BRAINERD, Minn. (AP) — Looking at wide-eyed little Caleb Pence, you'd never guess he has suffered through so much.
The 7-year-old is the first to bring back a sticker from the doctor's office for each of his three siblings. He'll crack a joke to get a smile out of you.
But stare a little deeper into those wide eyes and you'll see the sclera has a blue tint. That's the first sign of osteogenesis imperfecta, or brittle bone disease.
Caleb has broken at least 11 bones that his parents know of, though they're guessing that number is much higher, the Brainerd Dispatch reported (http://bit.ly/1h0SdZR).
He's broken his leg, arm, pelvis and foot.
The rare disease sends the young boy to the doctor more than other kids his age.
Caleb knows just how scary a hospital can be. That's why when his parents asked him what he wanted to do for his seventh birthday, celebrated this past Valentine's Day, Caleb chose to create something that would help put kids at ease once at the doctor's office.
They're called "Caleb's Imagination Kits."
To an adult, it's a Ziploc baggie full of pipe cleaners, crayons, fabric squares, glue sticks, stickers and googly eyes.
"It looks like it came out of a junk drawer," joked Caleb's dad, Chris Pence.
"That and craft closets," added his mom, Megan Pence.
But to a child, it can be anything. The makings for a castle. A space station.
Caleb made a disco dance scene with his first kit.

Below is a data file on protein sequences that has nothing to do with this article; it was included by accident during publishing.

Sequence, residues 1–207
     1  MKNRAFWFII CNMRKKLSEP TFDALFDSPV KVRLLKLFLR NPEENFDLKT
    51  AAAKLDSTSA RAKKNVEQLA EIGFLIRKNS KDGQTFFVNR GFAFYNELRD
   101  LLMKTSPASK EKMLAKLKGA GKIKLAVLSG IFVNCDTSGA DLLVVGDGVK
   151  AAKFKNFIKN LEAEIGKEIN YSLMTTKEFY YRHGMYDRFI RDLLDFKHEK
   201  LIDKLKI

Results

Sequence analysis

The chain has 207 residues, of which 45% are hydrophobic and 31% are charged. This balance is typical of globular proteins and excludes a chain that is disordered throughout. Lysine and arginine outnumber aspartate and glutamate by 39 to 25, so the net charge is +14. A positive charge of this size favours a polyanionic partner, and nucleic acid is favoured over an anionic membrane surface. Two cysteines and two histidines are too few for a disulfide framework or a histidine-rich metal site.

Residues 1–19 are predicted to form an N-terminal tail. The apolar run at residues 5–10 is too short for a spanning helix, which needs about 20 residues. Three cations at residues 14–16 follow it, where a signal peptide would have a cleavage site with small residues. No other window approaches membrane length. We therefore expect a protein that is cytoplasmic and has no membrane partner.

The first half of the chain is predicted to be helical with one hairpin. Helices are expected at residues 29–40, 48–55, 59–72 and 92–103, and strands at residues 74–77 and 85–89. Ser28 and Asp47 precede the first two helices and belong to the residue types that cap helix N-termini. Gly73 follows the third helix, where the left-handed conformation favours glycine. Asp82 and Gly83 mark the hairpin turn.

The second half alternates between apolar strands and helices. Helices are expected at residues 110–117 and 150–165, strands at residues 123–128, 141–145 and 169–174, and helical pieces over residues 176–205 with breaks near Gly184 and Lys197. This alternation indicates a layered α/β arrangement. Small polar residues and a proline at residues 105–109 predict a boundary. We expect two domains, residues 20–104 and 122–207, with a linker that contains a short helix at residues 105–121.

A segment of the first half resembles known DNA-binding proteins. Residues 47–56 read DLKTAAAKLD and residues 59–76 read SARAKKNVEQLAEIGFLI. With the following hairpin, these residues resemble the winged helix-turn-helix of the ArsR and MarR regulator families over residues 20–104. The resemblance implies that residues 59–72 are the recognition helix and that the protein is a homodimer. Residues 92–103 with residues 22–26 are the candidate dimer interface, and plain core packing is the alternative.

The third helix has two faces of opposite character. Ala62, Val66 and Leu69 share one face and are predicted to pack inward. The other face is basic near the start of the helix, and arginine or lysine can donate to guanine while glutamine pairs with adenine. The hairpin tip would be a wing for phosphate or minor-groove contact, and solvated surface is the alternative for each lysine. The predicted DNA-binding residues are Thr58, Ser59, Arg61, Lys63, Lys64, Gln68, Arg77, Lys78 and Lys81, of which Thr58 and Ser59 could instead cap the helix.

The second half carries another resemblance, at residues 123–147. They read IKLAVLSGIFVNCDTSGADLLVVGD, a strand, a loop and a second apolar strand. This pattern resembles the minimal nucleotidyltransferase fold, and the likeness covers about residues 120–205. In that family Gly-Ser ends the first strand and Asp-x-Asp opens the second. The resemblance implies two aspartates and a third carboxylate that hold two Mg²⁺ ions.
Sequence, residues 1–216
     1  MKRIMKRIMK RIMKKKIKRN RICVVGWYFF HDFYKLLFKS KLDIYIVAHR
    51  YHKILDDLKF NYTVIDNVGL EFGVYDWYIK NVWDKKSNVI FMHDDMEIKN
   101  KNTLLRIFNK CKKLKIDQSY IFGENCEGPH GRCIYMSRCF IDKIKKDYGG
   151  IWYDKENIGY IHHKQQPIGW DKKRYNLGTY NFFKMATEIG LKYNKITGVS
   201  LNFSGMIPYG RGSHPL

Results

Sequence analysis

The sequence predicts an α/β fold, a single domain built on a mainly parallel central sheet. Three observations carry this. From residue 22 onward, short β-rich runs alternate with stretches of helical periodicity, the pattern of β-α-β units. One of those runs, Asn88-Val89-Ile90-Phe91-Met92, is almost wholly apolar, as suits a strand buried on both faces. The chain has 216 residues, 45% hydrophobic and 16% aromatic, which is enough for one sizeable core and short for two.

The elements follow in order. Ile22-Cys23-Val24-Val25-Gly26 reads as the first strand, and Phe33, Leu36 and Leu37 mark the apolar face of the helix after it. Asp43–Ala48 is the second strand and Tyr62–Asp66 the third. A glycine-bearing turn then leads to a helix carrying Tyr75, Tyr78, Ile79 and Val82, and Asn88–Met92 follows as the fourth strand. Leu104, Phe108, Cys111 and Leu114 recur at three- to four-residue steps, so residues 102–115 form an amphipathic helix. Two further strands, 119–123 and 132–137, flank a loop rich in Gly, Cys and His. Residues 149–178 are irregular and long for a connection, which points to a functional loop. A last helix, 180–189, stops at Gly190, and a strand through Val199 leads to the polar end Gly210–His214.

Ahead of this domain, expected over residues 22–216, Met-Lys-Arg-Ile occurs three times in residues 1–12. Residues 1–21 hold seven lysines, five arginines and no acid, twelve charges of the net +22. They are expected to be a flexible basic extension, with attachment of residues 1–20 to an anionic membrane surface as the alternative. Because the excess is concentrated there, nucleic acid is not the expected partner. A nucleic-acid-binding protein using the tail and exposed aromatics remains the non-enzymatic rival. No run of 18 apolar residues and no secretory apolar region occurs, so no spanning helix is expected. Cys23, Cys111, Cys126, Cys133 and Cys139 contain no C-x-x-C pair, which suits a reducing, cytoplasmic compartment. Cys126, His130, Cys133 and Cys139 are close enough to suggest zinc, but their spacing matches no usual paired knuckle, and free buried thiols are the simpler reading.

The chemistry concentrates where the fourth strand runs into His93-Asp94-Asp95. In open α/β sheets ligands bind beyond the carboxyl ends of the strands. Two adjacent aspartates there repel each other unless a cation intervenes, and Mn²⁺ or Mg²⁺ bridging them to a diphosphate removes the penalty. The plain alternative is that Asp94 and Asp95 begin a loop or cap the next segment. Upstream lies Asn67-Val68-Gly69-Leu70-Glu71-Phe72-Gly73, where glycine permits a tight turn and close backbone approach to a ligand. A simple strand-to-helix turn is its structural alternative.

Caleb saw the idea on his first visit to Gillette Children's Hospital about a year ago. Uneasy about the needles and strange people around him, the trinkets in the baggie gave Caleb something fun to concentrate on.
But the baggies ran out by Caleb's next visit.
For his birthday this past weekend, Caleb and his parents asked friends, family and church members to bring in whatever craft supplies they had. Together, they formed an assembly line. Caleb's post was at the end of the line, where he snapped each bag shut and offered a cheerful "thank you" to each person.
Caleb's first broken bone came when he was 16 months old. He was climbing a slide and broke his foot.
Doctors attributed it to Caleb being a kid, being "unlucky."
But then the youngster broke his arm in several places during a soccer game. Not long after, he broke his pelvis after falling off a 1-foot wall.
Chris and Megan knew something was wrong.
"It's not like he was diving off the deck. This was just minimal activity," Chris said.
So they kept pushing, and after a few tests about a year ago, Caleb was diagnosed with type one (a lower level) brittle bone disease.
To prevent future breaks, doctors put the young boy on an infusion medication, which requires him to go to the hospital four times a year, for three days at a time, and get the medication through an IV.
He'll have to continue the treatment until he stops growing.
So far it's working — he hasn't broken a bone in the year since he started the treatment.
He's even had some hard falls, gotten up and said, "Hey, I didn't break anything," his parents say.
Caleb wants the imagination kits to offer some memories for his peers at the hospital.
"Before this," he said, gripping a kit, "I was really bored at the hospital."
Megan hopes the imagination kits will change the whole hospital experience for each family.
"Instead of dread, they might feel like it could be fun," she said. "It's something to look forward to."
It's reassuring to the parents, Chris said, as they see a calmness come over their child while they get their treatments.
"Plus you see that someone else has gone through it," he said.
Caleb will always have brittle bone disease, but even at the young age of 7, he knows he wants to use the diagnosis to help others.
The talkative boy added, "I really like helping other kids."
Information from: The Daily Dispatch, http://www.brainerddispatch.com